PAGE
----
Gardens in Stanley Park
Take advantage of the abundance of beautiful flower gardens in Stanley Park. Consider visiting them between spring and fall each year to see the flowers in bloom.
Ted and Mary Greig Rhododendron Garden
The Park Board received an extensive collection of hybrid rhododendron and azalea plants in the late 1960s.
This collection of plants came from the Royston nursery belonging to Ted and Mary Greig, who were renowned rhododendron hybridizers.
In all, about 4,500 plants are planted around the Stanley Park Pitch & Putt golf course.
The Ted and Mary Greig Rhododendron Garden is at its peak during the first two weeks of May. However, walks through the garden are always rewarding any time between March and September because there is always something in bloom.
Rose Garden and floral displays
The Stanley Park Rose Garden, first established in 1920 by the Kiwanis Club, boasts over 3,500 rose bushes, as well as a stylish west coast-inspired arbor supporting a combination of climbing roses and clematis.
Floral display beds slope downward toward the causeway and extend up to the Stanley Park Pavillion providing seasonal spectacles of colour with annuals and perennials from June to October and flowering bulb displays from
March to May.
Nestled between the Rose Garden and the forest in Stanley Park, the Shakespeare Garden pays homage to The Bard.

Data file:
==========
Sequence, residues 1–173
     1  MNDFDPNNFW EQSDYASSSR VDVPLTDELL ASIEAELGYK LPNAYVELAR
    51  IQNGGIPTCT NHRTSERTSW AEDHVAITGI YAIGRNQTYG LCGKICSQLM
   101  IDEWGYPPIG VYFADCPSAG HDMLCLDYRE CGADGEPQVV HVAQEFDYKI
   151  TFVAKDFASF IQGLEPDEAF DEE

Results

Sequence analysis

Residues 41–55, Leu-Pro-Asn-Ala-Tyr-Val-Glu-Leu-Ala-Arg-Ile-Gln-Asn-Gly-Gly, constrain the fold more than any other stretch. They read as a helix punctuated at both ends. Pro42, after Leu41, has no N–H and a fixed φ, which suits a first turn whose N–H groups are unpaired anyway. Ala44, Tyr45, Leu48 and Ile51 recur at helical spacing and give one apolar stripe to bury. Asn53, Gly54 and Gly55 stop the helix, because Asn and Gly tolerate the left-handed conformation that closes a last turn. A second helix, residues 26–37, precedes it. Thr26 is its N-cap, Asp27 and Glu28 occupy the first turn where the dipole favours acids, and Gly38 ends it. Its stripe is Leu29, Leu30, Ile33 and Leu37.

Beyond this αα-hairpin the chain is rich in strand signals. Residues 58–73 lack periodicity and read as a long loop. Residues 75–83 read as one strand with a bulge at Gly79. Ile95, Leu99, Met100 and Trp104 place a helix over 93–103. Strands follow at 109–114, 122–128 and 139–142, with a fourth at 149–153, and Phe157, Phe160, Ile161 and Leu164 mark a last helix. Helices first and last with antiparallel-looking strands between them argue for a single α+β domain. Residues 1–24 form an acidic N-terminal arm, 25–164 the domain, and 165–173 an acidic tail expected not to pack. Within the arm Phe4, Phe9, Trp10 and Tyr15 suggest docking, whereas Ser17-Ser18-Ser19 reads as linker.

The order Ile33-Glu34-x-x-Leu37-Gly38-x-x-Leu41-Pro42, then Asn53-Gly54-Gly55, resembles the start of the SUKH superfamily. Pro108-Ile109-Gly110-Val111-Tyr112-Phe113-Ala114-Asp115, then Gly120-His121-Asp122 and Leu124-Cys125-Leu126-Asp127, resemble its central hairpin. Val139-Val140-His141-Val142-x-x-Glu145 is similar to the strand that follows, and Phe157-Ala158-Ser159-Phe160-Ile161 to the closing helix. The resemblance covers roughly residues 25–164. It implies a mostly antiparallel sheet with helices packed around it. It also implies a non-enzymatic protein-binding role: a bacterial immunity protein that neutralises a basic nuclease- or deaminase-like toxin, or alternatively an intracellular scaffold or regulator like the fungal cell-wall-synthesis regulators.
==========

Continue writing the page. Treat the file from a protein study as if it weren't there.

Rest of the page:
The garden is a diverse arboretum that includes trees mentioned in his plays and poems.
There are about 45 trees that form the arboretum that accompanies the monument. Trees designated from the works of Shakespeare have been affixed with plaques that display their appropriate quotes. These Shakespeare trees are integrated throughout the arboretum for visitors to find as they explore the garden.
Stanley Park Rock Garden
Started in 1911 by master gardener John Montgomery from boulders excavated for the construction of the new Stanley Park Pavilion, the Rock Garden was the first public garden in Vancouver.
The garden flourished for fifty years until portions slowly became abandoned and disappeared into the forest. The story of the Rock Garden remained forgotten, and the true extent was not realized until a wind storm in 2006 revealed portions of this garden landscape.
In 2011, a commemorative plaque was unveiled at the Rock Garden which celebrated its 100th Anniversary along with the nearby Stanley Park Pavilion. In 2013, the garden was officially added to the Vancouver Heritage Register as an important landscape resource.